The first three Razor records were released over a very short period of time. Why is that? Did the band have such a wealth material to choose from? According to Dave Carlo, that was not really the case: “Another good question! The answer is no, we didn’t have such a wealth of material. The truth is we were under a lot of pressure from our record label to get these records out. They wanted, quite honestly, to capitalize on the popularity of the Thrash Metal scene back at the time. They wanted to make as much money out of the Razor releases as they could. I can’t think for one minute that they were thinking of the best interests for the band. When we put ‘Executioner’s Song’ out, within six months they were on our case to come up with a new album. What they wanted to do was to put an album out with the old songs that never made it onto the ‘Executioner’s Song’ album, which is the remainder of the ‘Escape The Fire’ demo from 1984 and the remaining tracks from ‘Armed And Dangerous’. They wanted to put that together and put it out as our second album. Well, our opinion was that this stuff was not even as good as the material on ‘Executioner’s Song’, so why put it out as the second album? So under pressure I convinced the president of Attic Records to let me write another album instead. I said: ‘Please don’t put that stuff out. Let me write another album for you.’ And so I wrote ‘Evil Invaders’ – quickly and under a lot of pressure. Then they released ‘Evil Invaders’ and it got critical acclaim. So they put pressure on me to put out another new album, again within six months. And I had to put ‘Malicious Intent’ together. ‘Malicious Intent’, I think, has got some good songs on it. But it was difficult for me to produce that much material that quickly. I think ‘Malicious Intent’ is a little bit weaker than ‘Evil Invaders’. And we had some musicianship issues as well as you can tell from the drumming on the album. Everything was being rushed on the recording front. What we should have done was to get some good management and play some live shows. We weren’t doing this. The record company was not helping us getting management. We weren’t able to find management ourselves as for some reason all Canadian management companies thought Razor was too heavy. They were missing the boat of Thrash Metal. Meanwhile bands like Slayer were getting signed by people like Rick Rubin and taking off. Up in Canada everybody thought Razor was just too heavy! So we missed the wave here. We didn’t get that opportunity to tour, instead Attic put pressure on us to come up with new records. So the truth is that I would have preferred that we took a long break after ‘Evil Invaders’. I would have waited another 14 to 16 months before we had another release. But as I said, we were under a lot of pressure from the record company.”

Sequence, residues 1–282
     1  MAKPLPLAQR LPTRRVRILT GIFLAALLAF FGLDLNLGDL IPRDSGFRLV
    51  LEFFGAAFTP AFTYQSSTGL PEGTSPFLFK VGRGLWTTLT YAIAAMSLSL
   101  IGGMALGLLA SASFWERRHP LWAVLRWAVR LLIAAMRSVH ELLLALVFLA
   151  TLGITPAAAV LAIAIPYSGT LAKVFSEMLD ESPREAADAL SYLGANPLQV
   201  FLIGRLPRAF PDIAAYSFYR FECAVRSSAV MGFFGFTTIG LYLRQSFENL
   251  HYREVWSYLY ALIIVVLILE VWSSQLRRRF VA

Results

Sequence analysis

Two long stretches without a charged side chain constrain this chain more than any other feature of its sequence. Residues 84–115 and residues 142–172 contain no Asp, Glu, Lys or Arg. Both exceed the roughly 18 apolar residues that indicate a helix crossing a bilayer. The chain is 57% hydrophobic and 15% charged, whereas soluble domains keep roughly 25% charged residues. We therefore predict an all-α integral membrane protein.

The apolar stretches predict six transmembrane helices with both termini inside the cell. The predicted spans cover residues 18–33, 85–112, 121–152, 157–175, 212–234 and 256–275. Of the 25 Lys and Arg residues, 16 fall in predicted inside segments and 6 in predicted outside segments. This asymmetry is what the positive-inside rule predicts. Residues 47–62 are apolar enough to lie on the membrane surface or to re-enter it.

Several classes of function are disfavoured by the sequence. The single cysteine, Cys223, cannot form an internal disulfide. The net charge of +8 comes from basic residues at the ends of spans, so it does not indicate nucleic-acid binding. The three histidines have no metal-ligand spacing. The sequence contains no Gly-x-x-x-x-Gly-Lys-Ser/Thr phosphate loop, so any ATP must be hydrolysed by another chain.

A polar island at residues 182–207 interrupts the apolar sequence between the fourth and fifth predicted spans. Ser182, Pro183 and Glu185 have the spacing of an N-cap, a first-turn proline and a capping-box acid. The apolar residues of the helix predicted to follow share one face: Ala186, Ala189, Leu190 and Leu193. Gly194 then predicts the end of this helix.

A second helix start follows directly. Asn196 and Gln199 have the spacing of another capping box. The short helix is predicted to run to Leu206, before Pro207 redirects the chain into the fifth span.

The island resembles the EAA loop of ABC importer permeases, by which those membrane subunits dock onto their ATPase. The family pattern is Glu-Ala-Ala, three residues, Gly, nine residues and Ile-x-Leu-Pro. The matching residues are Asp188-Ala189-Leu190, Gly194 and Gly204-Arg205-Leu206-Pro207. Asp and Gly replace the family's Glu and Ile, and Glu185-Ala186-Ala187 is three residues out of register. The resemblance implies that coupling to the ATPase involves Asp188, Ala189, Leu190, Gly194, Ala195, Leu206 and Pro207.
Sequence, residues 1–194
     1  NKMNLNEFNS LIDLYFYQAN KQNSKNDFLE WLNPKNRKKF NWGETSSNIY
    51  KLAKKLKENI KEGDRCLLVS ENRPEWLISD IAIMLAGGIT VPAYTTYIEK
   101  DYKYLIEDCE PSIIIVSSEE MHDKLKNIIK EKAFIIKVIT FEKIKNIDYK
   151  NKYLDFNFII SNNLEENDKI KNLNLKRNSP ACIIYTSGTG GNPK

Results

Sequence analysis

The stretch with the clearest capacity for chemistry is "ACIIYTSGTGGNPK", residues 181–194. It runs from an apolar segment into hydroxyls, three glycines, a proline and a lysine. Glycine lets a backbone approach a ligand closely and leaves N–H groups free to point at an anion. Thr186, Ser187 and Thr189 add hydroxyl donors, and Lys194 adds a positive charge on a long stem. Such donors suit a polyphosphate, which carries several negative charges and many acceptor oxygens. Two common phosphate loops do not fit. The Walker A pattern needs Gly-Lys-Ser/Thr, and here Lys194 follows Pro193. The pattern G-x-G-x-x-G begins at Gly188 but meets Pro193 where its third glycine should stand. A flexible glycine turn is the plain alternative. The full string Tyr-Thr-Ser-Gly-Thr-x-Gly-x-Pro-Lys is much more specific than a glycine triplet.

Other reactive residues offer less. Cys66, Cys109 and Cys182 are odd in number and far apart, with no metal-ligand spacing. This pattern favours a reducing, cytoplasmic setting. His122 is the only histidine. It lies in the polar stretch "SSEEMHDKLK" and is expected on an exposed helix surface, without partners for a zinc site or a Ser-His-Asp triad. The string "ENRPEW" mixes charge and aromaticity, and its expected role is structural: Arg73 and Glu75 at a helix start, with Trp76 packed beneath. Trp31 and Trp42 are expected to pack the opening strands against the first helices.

Matthias Mader